-Meredith Coleman (PC '16)
Dear Potential New Members,
Freshman year of college is a whirlwind of new opportunities and chances to make memories. Joining Alabama’s Greek community exposed me to support systems and friendships with women that rival any other you’ve experienced.
Recruitment is a time full of emotions. It is overwhelming, exciting, and exhilarating all at once. I just had to keep reminding myself each active member had been in my shoes before.
I told myself to not be afraid to be myself; it ended up only benefitting me in the end.
I continuously reminded myself that I couldn’t listen in to what other people said, and I needed to be prepared. I made sure to have a purse full of items I’d need each day, especially a personal fan because Alabama heat is no joke. During my recruitment, I was true to myself the entire time, and it led me home to the charismatic women of Delta Zeta. I gained new shopping buddies, lunch dates, and lifelong friends in DZ. I am more than proud to be a Delta Zeta and glad that during recruitment I was able to find my organization by staying true to my values.
Everyone who experiences the Capstone is in luck, as it is the best university in the nation. You’re in for the time of your life from football games, to sisterhood events, to living in the dorms, as soon as you step foot on campus as a freshmen. Delta Zeta is a gift that keeps on giving. I was encouraged to get involved on campus and am now the recruitment director for another organization as well. I was pushed to have better grades, and in turn I have had higher GPAs every year of college than I ever did in high school. Delta Zeta and The University of Alabama are the best things that have ever happened to me.
Tara Griesemer, Vice President of Membership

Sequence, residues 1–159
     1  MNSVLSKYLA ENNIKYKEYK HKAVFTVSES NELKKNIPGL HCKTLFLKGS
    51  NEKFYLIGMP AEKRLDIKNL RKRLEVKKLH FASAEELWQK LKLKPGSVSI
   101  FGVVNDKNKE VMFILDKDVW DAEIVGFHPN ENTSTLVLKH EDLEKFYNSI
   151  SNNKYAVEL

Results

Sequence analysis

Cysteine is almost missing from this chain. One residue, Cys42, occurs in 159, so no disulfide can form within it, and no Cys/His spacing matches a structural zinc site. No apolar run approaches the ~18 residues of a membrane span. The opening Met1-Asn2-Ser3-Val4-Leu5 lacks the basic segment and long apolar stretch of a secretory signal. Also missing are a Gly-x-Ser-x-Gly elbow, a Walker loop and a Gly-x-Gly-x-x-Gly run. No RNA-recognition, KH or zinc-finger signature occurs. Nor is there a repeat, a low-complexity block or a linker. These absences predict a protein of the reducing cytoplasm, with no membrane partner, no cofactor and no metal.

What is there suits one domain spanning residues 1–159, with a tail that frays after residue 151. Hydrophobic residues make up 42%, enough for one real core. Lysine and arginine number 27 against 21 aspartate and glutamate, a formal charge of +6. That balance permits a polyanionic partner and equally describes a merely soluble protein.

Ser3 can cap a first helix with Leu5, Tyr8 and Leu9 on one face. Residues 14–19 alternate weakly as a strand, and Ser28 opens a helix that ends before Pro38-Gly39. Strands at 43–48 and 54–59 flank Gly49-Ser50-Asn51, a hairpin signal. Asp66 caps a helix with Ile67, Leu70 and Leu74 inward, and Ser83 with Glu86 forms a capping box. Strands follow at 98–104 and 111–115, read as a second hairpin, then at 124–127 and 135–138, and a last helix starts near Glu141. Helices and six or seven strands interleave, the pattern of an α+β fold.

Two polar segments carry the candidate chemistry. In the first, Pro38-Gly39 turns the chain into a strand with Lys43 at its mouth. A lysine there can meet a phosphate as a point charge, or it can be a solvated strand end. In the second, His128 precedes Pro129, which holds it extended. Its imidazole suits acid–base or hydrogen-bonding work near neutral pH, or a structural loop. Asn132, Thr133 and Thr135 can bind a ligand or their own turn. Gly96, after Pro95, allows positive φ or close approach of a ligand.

“ The larger the tote...the better” - Sarah Lindsay McBurney PC’ 16
“Bring oil blot sheets and an umbrella...Alabama heat is beyond unpredictable” - Christina Daughenbaugh PC ‘14
“Put nike shorts in your purse to wear in between parties under your dress...you’ll thank me” - Katie O'Donnell PC’ 15
“Drink lots of water throughout the day and bring snacks” - Megan Welker PC’ 14
“Setting spray is your make ups best friend” - Kari Eisenberg PC’ 16
“Wear what you feel the most comfortable in!! Don’t worry about what you think you’re “supposed” to wear” - Julia Cornejo PC’ 15
“Bring sandals or flip flops to wear in between parties, especially on days when you’re running around the row” - Shelby Epstein PC’ 15
“Smile!! As much as you possibly can” - Gabby Dicarlo PC’ 16
“Make sure to listen to your rho chi’s and j-board they’re there to help make your experience the best it can be” -Emily Crisci PC’ 15
“Drink lots of vitamin C and stay healthy- rush week can be exhausting” - Victoria Moody PC’16
“Be yourself!! That’s the most important part” -Rachel Kinsella PC’ 14
“Have an open mind each round. Just because you didn’t have the best conversation the first time, doesn't mean you won’t have the best conversation the next” - Emily Truchon PC’ 16